Whether you’re new to trade shows or a seasoned expert, the choice of an exhibition stand can be stressful. It doesn’t matter if your budget is $3,000 or $300,000. You want to get it right. In an ideal world, there would be A, B, and C choices, each perfect in its own unique way. But, in fact, even for less expensive exhibits, there are hundreds of stands with (often) confusing and conflicting features and benefits.
So, how about a custom exhibition stand instead? What exhibitor doesn’t want a booth unlike every other exhibit on a crowded trade show floor? With custom exhibits, there are no limits except your budget and gravity. Exhibition designers are experts at creating an experience that showcases your company’s branding and trade show goals in a 3D structure.
What is an Exhibition Stand?
Let’s begin with the “tomayto, tomahto” and “potayto, potahto” distinction. What’s an exhibition stand in some parts of the world is a trade show exhibit or display in others. Then there’s the term “booth” which can mean either the physical structure or the physical space on the show floor. Frankly, “stand” can mean just about anything. A display can range from a basic tabletop on a skirted banquet table to a 160 x 240 custom island exhibit with a double deck, overhead hanging signs, and mesmerizing LED video wall(s).
Does that mean the sky’s the limit and anything goes with an exhibition stand? Yes and no. Your budget will dictate the size of your space and the type of exhibit. Big budgets aligned with the right designer can make an exhibitor the feature attraction at any trade show. However, most exhibitors don’t have a proverbial money tree.
In addition, an exhibitor’s show schedule will often dictate the type of exhibit(s) required. Some companies have two or three “BIG” industry shows each year and other smaller shows. At the larger shows they might have an island exhibit but at the smaller shows, have modular or portable inlines, like 10 x 10 or 10 x 20 displays.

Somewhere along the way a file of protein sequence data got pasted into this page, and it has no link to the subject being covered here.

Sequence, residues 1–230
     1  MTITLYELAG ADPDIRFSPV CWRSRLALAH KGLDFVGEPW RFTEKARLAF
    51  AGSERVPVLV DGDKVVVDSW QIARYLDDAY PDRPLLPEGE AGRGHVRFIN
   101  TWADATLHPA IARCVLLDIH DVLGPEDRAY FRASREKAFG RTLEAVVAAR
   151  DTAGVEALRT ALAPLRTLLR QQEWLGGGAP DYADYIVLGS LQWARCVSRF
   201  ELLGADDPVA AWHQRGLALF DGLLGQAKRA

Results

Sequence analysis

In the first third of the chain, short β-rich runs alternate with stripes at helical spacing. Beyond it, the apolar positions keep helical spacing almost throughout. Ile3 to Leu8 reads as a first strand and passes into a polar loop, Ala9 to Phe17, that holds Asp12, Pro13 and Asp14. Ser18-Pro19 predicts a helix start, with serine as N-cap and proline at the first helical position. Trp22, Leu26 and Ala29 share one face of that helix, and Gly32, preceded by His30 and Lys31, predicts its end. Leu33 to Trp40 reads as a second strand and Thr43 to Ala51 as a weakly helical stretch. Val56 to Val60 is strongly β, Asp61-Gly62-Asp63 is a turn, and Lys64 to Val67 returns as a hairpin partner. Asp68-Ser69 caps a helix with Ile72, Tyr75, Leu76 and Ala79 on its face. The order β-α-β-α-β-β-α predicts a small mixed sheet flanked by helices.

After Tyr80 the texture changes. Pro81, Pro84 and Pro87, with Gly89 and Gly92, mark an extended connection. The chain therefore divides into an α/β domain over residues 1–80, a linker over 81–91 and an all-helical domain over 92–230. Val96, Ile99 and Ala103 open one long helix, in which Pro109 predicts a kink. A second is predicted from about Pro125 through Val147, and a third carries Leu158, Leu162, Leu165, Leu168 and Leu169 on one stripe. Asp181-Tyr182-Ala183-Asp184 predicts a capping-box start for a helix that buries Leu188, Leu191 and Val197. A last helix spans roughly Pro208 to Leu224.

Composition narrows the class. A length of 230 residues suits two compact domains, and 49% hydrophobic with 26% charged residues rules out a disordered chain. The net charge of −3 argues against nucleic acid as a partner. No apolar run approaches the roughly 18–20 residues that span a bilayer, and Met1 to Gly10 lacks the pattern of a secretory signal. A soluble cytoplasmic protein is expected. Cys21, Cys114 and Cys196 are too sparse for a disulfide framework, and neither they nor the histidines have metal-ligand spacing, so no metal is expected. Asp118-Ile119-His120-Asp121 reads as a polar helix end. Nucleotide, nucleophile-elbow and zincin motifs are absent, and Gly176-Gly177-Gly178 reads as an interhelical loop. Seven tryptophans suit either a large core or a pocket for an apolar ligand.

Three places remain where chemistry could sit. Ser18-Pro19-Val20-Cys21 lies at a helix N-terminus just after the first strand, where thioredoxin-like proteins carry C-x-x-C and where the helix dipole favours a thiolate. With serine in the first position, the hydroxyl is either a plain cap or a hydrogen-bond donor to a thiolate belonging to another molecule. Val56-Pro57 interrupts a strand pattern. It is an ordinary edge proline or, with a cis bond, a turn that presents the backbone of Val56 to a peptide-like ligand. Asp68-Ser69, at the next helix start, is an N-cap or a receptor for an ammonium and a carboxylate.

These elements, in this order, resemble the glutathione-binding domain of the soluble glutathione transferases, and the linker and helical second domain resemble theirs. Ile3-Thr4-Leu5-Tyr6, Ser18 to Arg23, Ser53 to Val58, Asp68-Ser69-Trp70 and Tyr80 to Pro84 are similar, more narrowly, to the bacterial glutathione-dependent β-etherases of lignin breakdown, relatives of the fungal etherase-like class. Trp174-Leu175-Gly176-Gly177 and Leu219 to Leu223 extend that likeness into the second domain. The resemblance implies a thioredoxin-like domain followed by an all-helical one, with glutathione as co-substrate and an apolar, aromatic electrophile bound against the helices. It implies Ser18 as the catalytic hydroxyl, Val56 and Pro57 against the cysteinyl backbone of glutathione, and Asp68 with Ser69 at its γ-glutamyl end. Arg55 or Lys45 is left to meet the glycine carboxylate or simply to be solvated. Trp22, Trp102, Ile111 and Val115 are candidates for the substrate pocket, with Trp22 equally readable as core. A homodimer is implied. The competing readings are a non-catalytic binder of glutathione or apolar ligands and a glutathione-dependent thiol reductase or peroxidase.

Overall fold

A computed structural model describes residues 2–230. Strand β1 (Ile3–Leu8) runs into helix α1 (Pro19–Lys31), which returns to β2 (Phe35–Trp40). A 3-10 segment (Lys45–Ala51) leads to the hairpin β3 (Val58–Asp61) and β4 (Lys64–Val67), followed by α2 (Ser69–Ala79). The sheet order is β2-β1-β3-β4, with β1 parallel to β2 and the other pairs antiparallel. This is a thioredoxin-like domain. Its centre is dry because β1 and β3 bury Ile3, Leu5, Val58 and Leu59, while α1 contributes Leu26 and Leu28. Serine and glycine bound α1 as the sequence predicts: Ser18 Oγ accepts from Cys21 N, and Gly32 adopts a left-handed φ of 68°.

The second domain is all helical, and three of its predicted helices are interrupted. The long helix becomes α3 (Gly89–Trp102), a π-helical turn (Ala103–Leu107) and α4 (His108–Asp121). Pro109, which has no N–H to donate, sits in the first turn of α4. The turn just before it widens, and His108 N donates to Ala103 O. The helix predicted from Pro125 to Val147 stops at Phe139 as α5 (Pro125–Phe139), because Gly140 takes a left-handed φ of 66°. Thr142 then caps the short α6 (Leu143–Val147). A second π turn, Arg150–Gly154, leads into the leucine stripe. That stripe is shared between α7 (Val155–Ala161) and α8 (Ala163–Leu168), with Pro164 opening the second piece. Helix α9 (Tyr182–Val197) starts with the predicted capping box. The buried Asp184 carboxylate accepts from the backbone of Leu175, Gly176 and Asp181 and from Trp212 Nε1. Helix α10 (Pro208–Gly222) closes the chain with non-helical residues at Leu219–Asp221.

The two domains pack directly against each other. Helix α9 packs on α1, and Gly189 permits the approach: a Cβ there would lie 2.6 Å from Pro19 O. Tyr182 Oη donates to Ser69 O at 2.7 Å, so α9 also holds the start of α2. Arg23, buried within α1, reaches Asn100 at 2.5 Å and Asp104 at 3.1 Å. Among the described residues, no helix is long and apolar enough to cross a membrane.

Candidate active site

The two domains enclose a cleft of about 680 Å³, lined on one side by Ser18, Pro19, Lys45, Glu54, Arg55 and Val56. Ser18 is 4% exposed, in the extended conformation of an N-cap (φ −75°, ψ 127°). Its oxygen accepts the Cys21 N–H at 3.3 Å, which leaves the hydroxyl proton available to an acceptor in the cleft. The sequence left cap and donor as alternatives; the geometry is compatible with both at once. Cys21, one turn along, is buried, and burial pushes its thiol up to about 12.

Lastly, booth rules and regulations vary depending on the show and the location of the show (Chicago vs. Shanghai). What’s acceptable and legal in North America may be verboten in Germany. Doing your homework isn’t just important, it’s crucial. At many European exhibitions, raised flooring is common, but it’s unusual at most North American shows. Even the placement of “walls” on a 10 x 10 booth can be legal in one location and a “no no” in another.
Types of Stands
This topic can get complicated. The types of stands is a bit like discussing flat-screen televisions. Once you get past the size and start comparing styles, features, prices, technology, and manufacturers, the conversation quickly turns into an endless rabbit hole based on facts, opinions, and Uncle Eddie’s experience with an LED vs OLED vs. LCD monitor.
On its most basic level, most stands can be grouped into three categories (or some combination): portable, modular, or custom. Beyond that, it comes down to construction, packaging, and assembly. Of course, there are the materials, graphics, accessories, and a host of other considerations, but getting lost in the weeds isn’t conducive to anyone’s mental health.
Instead, decide what’s important to your exhibition goals.
Quite simply, portable means it can ship via UPS or FedEx. It can mean the cases have handles and wheels for convenience and mobility, but don’t assume “portable” always means lightweight. Also, don’t assume portable equates to tool-less or easy to assemble. Some are. Some aren’t. Finally, quality varies (like anything else). The pretty picture on your computer is kinda like online dating. Be careful and ask a lot of questions before committing to that weekend in the Poconos.
At least in North America, modular has two common definitions for exhibition stands. One, individual elements are part of a system of components, which means they can be replaced if lost or damaged. Two, the components can theoretically be reconfigured into a different, smaller, or larger exhibit. It’s the second definition that matters the most to many exhibitors who want the flexibility of switching from an island at one show to an inline at another show, using the same display.